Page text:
The book is now in the hands of the MIT Press editors who have promised that the final (final!) galley will be sent to me in the first week of May.  I'll turn it around, and then it goes to the printer.  Everything is actually coming together!  

I'm ALSO following up on a bunch of threads I've left open.  

1.  What's the story with the "a" character on the holiday card?  (Why did I get it wrong?)  
2.  What's the update on the recycling story?  (Where do plastics REALLY go after the trash people pick them up.)  
And,
3. What's the update on the strand jack construction project?  

Each of these is taking longer than I ever would have thought... but it means that when I figure them out, we'll have a bunch of great stories here at Camp SRS.  

And, as mentioned, I've been traveling.  For much of the rest of this year, travel will be the new norm.  The downside is that it delays my SRS writing... but the upside is that I'll have a bunch of new Challenges in the near future.  

In particular, today's travel has brought up a couple of little questions--the kind of questions that happens to me (and I bet to you) every time I travel around.  Here are three from my walkabout today.  Can you answer them? 

1.  When I look out of my hotel room window, THIS is what I see:  spectacular mountains.  Can you tell what city I'm in?  (Yes, I've removed the EXIF metadata.  You'll have to work with just what you see.)  



2.  As I walked to my meeting, I found a large field of these beautiful blue flowers--what are they?  (Species specific name, please.)  



3.  Just past the field of blue flowers was this former church building.  As with many church buildings, it has a very distinctive window shape.  As we know, if you know the precise term for this window shape, it's much easier to search for information about these things.  So... what's the precise term for this window shape?  (NOT the round one...)    



BTW, for extra credit, is there a specific term for a building like this that was a church, but is no longer a church?? 



As always, please leave your answer in the comments, being sure to tell us HOW you did it!  What worked?  And what didn't work?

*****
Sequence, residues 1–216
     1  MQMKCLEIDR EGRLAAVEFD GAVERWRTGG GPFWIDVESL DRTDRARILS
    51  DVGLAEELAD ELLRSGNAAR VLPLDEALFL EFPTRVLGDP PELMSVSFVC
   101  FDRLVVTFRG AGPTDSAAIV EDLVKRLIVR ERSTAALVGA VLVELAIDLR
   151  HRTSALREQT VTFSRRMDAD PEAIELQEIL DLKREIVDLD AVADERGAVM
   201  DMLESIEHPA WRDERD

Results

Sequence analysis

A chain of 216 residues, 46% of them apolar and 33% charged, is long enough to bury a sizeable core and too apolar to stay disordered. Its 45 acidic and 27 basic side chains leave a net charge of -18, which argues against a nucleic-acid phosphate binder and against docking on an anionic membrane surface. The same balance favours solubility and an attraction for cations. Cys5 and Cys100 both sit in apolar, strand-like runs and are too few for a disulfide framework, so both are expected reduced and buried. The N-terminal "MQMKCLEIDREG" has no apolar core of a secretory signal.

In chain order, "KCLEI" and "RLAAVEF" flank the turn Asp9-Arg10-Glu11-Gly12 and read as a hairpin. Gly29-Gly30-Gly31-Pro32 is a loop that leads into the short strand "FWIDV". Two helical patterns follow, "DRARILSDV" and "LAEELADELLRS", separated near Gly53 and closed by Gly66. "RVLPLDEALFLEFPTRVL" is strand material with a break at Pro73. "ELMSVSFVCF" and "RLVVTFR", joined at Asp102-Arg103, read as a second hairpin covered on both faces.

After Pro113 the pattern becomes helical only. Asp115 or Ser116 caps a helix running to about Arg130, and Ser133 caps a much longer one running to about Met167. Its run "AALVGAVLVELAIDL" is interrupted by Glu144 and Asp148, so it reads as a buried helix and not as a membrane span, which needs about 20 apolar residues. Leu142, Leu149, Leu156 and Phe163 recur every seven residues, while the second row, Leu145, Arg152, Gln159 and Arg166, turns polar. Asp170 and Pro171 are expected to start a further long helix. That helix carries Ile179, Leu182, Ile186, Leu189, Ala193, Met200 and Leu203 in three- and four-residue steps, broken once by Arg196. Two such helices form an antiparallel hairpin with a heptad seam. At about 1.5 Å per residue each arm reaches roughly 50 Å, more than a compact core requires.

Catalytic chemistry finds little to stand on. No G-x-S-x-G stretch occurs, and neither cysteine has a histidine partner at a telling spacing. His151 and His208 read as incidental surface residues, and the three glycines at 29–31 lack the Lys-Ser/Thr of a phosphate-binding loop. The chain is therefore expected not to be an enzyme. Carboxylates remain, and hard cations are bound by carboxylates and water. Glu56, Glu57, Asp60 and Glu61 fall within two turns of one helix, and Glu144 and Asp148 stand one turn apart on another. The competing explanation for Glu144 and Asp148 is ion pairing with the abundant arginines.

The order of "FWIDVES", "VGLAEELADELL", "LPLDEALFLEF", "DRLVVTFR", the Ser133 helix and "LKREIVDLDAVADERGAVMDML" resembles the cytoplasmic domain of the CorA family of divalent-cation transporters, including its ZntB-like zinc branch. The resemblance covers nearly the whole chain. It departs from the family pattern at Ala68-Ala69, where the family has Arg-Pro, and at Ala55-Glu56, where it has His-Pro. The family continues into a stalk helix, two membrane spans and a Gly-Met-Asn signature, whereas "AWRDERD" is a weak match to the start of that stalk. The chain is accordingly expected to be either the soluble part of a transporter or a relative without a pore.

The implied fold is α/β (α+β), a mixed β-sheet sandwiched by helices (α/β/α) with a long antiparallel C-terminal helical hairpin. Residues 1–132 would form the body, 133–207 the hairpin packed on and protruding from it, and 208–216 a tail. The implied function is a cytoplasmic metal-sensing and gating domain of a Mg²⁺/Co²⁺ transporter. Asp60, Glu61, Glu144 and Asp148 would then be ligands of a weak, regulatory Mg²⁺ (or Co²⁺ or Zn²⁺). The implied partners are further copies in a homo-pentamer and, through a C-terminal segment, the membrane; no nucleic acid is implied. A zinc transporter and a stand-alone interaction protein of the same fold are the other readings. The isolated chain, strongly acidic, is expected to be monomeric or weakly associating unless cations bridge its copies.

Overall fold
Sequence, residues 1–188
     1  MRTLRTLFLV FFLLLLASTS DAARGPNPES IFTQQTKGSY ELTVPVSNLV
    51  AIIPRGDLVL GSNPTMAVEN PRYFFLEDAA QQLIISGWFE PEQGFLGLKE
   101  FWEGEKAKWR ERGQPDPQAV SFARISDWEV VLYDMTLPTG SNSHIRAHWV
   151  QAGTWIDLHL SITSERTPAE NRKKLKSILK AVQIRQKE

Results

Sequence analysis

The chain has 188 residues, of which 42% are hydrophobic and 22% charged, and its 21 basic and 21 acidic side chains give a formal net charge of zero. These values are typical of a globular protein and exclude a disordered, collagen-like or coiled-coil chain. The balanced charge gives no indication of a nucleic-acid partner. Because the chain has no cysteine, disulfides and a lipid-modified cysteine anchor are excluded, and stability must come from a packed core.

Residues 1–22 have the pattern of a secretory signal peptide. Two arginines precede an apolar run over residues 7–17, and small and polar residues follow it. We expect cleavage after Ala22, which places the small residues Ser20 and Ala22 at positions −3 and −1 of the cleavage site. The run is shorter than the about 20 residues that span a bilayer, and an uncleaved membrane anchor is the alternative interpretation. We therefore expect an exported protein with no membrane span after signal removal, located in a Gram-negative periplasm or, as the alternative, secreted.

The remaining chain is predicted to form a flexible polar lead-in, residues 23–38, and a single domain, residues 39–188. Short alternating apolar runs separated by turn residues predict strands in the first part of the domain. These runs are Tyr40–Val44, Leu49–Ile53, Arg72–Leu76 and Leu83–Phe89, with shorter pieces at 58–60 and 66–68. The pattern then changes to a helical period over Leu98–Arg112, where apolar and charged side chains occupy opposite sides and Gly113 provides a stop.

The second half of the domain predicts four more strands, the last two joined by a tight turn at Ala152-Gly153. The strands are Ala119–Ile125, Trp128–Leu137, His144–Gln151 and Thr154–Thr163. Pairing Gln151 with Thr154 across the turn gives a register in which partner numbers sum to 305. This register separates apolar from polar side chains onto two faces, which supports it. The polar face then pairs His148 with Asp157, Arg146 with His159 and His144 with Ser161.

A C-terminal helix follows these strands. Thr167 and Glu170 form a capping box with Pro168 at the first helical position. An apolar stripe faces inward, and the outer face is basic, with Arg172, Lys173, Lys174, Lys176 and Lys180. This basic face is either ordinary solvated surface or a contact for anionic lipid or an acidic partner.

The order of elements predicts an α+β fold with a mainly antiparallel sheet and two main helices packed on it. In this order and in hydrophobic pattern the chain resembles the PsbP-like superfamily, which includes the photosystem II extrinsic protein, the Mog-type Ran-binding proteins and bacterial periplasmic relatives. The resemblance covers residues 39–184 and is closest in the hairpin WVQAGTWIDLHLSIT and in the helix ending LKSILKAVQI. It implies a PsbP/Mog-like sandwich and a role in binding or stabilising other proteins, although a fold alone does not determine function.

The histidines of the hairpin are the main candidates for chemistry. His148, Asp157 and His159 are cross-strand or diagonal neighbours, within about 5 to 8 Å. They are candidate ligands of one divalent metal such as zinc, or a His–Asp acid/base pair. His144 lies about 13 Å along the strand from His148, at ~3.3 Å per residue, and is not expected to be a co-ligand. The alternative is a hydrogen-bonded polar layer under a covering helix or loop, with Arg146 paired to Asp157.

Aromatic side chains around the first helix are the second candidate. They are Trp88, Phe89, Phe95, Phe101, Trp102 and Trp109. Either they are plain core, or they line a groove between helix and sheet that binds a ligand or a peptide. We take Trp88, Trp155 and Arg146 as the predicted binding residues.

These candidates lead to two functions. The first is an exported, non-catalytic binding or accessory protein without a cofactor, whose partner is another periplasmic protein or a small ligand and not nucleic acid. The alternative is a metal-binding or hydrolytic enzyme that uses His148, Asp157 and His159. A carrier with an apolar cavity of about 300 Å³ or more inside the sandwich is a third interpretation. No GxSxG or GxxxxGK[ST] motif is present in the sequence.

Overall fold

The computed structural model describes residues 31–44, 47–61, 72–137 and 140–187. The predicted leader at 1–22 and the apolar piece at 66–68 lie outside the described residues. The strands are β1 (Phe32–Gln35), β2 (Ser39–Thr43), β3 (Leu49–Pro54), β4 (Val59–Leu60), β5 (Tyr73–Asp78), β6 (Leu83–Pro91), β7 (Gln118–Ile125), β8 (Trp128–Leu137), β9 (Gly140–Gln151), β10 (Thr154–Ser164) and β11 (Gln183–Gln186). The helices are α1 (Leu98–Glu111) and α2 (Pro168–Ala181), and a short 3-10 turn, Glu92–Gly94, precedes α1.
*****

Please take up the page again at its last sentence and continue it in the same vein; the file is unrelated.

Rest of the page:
Search on! 


Monday, April 22, 2019

Answer: What's that logo?






 

Visually, the world is full of unknowns...

And this week we took on the Challenge of figuring out how to identify logos.  

Recently, SRS Regular Reader Jacob sent me this wonderful holiday card he received that was made up entirely of logos.  Designed by Marc Reiner, it's a gem of a card design.  

On the one hand, it's a fun and playful design.  I recognized a bunch of logos immediately (Pintrest, Yahoo, Amazon, etc.) -- but could you name them all?   I couldn't.



Logo holiday card by Marc S. Reiner (Hand Baldachin and Assoc. LLP)



























This is a great reminder that image identification is a valuable skill to have.  And clearly, this particular card pulls a lot of logos together for us to ID.  



Here is our three-part Challenge for the week: 



1.   Can you identify all of the logos shown here?  What are they?
2.  If you wanted to search just for logos, is there a way to do just that?  How about just searching for logos in the EU?  
3.  For what  product is this the logo?  (The usual tricks might/might-not work here.)  





As we've talked about before, subimaging is probably the way to go.  That is, since the card is composed of a bunch of individual logos, we can extract each logo and do a Search-By-Image on that.  (If you haven't seen it, check out my short YouTube video on this.  It's a One Minute Morceau on Search-By-Image.) 


And in our case, we could divide up the holiday card into 12 different small images.  

But as we discussed in an earlier episode (A new search-by-image method on Bing), Bing Image search has a great way to interactively search for parts of a larger image.  Here's an illustration of the normal / old way of doing search-by-image (SBI).  You upload or drag the image from your computer into the Image search.  


A diagram showing me dragging a image from my desktop into Bing's SBI tool.  
But the brilliant Bing SBI tool lets you specify the cropping that you'd like.   (That's the turquoise cropping widget in the image below.)  



Here I've cropped into the letter "H" in the image.  Once you release the crop, it immediately pops up the related images.  You can see on the "Similar Images" region that this subimage is pretty clearly the History Channel logo.